But when I’ve made my 4a.m. cuppa and I’m busily typing out blog posts and coaching resources, I try to draw on an older ethic.  It’s the one of generations of self-employed folks before me – the painters and farmers and shop owners – who knew that the first two years of business would be the hardest.  Who knew that one’s own paycheque wasn’t a given, perhaps, in those first years of business.  Who knew the the value of just showing up, every single day, and did so, without questioning, and without letting their self-doubt get the best of them.


And so, without much ceremony at all, here I am, entering into Year Three.

And I’m just going to keep showing up.

The Becoming Podcast has been on a short hiatus while I focus on writing my book, but oh what a comeback episode I have for you!

This month, I spoke to Toko-pa Turner, who many of you may know as the unofficial patron saint of many of my circles and gatherings because of the sheer number of times I’ve quoted from the wisdom of her book, Belonging.

Toko-pa is a Canadian author, teacher, and dreamworker. Blending the mystical teachings of Sufism in which she was raised with a Jungian approach to dreams, she founded The Dream School in 2001, from which thousands of students have graduated. She is the author of the award-winning book, Belonging: Remembering Ourselves Home, which explores the themes of exile and belonging through the lens of dreams, mythology, and nature. This book has resonated for readers worldwide, and has been translated into 10 different languages so far. Her work focuses on the relationship between psyche and nature, and how to follow our inner wisdom to meet with the social, psychological, and ecological challenges of our time.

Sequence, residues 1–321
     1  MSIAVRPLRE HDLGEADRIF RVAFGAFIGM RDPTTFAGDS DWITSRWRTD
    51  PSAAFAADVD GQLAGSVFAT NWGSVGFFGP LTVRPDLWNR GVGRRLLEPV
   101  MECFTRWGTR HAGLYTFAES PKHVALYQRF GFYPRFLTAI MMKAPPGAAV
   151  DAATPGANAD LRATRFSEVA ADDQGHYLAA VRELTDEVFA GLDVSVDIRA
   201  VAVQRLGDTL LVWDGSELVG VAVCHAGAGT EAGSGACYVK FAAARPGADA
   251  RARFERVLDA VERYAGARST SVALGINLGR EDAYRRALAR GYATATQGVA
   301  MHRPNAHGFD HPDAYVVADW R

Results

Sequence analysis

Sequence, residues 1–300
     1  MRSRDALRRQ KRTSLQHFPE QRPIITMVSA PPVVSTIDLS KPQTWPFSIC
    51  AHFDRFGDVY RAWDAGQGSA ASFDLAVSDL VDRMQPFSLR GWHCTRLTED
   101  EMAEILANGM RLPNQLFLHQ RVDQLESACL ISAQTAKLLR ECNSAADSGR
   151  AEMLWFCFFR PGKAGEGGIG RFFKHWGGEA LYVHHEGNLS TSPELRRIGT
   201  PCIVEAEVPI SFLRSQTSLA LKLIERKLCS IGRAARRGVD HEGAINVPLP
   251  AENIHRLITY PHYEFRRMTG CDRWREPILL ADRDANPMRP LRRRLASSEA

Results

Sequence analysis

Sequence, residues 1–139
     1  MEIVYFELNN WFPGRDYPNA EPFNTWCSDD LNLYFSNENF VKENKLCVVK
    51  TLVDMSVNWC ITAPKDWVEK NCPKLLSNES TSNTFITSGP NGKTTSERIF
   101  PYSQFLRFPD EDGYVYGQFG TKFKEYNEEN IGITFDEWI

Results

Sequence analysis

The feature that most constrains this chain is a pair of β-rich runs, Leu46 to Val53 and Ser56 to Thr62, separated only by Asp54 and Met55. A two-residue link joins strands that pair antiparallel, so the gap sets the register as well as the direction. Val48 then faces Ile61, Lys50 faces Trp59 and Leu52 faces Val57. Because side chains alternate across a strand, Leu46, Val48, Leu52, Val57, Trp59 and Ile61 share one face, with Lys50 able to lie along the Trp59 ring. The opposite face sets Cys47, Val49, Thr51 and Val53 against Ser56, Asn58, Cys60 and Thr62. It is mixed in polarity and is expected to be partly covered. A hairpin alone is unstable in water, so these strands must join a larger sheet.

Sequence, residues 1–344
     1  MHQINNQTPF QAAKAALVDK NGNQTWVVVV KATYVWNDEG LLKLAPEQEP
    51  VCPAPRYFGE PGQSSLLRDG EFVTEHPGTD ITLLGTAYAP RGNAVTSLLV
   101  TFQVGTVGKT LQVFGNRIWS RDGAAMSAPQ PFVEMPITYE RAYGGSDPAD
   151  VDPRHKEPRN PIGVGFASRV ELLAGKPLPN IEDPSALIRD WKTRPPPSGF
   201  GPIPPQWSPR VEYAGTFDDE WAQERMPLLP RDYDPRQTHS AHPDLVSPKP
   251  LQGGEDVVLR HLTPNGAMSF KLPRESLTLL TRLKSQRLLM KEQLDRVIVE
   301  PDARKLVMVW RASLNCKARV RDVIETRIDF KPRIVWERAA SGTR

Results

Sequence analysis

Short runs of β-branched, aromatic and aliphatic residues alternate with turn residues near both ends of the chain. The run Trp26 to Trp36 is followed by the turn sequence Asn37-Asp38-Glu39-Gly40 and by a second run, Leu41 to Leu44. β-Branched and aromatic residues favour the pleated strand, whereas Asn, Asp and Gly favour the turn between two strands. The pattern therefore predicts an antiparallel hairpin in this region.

Here’s some of what Toko-pa and I talk about in this episode:

> The dream that changed Toko-pa’s life, causing her to question her career and, ultimately, her identity

> How we can court our dreams to support us during times of radical transformation – and the reasons so many of us have a hard time remembering and working with what shows up in our dreamscape

> Toko-pa’s perspective on the message of Belonging after the divisiveness our society has experienced in the years since it was published

> What happened for both Toko-pa and I when we fell out of belonging from the ideologies of the “wellness world”

> How to build community when you’re under-resourced

> “The Big Lie” when it comes to belonging, and how we can reclaim a sense of belonging to the greater family of things, as Mary Oliver so famously wrote

Listen to the episode on iTunes


Show Notes

Toko-pa’s Website

Belonging:  Remembering Ourselves Home, Toko-pa’s book

The David Abram video about animism mentioned in the interview

Toko-pa’s self-guided program, Dream Drops

Companion, the program that accompanies Belonging


Also, while you’re at it, if you enjoy The Becoming Podcast, I would be so grateful if you would rate and review, and even subscribe to it on iTunes.  That goes a long way to helping more and more people find and benefit from hearing these interviews!  Thank you so much!